Research by the Gender and Behavioural Insight Team found that job adverts offering flexible working attracted 30% more applicants and boosted applications from women by 16%. Whilst this is great news that highlights the value of flexible working, much is still to be done to ensure that flexibility offerings are not just a tick box exercise. Something our team at Find Your Flex takes very seriously.

Open up a discussion on how, where and when is the best way to do a job and you will attract more talented and diverse people into roles. The technology industry needs to be as diverse as the people it serves. There is a whole group of diverse people out there eager for a career, they just require the flexibility to access it. This untapped group of talented people could be the part of the answer to the digital skills gap.

How will Find Your Flex address the digital skills gap?

We have exciting plans for 2021 – 2022 and have something up our sleeves that we think could not only address the issue of re-skilling but also provide a green solution too. We can’t say too much now but watch this space. We’ve also just joined The Tech Talent Charter as one of their signatories. Read more about the great work they are doing here.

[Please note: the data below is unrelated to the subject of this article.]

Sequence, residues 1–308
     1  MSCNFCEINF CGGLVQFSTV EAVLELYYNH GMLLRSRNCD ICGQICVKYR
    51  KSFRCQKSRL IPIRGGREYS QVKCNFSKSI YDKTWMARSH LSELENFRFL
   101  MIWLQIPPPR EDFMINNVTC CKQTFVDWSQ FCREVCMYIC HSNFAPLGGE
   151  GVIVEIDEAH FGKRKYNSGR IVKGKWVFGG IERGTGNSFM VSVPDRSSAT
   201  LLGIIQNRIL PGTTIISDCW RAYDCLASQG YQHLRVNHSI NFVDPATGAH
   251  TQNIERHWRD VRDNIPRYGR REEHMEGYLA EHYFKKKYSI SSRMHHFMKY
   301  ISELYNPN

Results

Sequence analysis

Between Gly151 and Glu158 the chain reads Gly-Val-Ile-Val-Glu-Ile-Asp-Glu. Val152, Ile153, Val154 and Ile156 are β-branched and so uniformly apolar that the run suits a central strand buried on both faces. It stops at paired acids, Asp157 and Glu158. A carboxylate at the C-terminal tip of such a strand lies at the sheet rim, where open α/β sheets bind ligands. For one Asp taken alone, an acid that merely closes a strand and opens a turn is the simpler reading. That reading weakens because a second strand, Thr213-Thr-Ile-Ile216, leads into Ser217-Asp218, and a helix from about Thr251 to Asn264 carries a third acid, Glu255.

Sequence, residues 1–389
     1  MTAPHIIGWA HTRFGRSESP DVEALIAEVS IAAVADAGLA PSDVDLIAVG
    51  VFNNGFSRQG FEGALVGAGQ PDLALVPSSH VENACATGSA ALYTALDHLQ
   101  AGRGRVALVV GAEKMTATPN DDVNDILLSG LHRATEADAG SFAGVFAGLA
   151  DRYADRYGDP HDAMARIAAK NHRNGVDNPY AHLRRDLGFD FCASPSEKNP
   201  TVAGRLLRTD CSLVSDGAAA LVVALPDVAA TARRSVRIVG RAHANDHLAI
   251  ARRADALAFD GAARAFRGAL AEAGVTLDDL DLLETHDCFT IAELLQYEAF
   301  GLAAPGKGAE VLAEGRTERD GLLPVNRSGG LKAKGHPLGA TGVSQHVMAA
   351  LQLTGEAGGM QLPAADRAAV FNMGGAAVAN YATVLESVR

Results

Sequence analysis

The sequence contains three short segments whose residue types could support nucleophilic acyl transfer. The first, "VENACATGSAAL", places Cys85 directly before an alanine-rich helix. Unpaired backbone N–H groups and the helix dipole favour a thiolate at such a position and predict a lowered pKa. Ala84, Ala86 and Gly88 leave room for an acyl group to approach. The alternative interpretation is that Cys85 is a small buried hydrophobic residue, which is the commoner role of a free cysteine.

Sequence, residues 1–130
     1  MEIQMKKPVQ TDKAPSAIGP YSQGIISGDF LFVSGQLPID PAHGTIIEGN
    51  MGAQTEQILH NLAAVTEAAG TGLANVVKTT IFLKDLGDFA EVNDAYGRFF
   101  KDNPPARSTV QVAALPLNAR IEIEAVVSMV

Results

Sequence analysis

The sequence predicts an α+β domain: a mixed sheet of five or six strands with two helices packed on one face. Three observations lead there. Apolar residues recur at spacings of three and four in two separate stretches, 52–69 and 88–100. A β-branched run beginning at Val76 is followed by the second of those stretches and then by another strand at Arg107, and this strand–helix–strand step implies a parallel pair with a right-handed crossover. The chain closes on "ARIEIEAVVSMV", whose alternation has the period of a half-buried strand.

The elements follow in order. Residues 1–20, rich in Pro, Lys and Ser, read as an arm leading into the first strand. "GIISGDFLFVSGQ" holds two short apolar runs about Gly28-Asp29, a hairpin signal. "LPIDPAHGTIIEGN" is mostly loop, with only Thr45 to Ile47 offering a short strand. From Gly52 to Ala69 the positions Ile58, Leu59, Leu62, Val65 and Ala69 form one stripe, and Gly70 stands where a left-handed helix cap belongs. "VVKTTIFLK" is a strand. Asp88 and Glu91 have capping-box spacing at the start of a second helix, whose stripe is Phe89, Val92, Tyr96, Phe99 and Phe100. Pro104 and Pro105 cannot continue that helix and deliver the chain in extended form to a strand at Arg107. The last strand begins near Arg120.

A list of interesting reading on the future of work, diversity in technology and responsible automation

Categories
Careers Flexible Working Students and Graduates

The Apprenticeship Route: Why it is a smart choice

The Apprenticeship route is a path to employment that has been around for decades. Despite many positive attributes, apprenticeships have almost become a second class career path. Taking a backseat to other means of gaining employment. This blog post will be looking at some disillusioned stigmas associated with apprenticeships. And why currently it is one of the smartest routes to take to gaining employment.

Are schools diverting traffic from the Apprenticeship Route?

In 2019 I conducted a survey within high schools with students and teachers as part of my internship. To find out which routes to employment they were most encouraged to take. The results were that the majority of students found apprenticeships appealing. Yet only a minority would actually choose this route. Students felt they did not have enough accessible information on apprenticeships.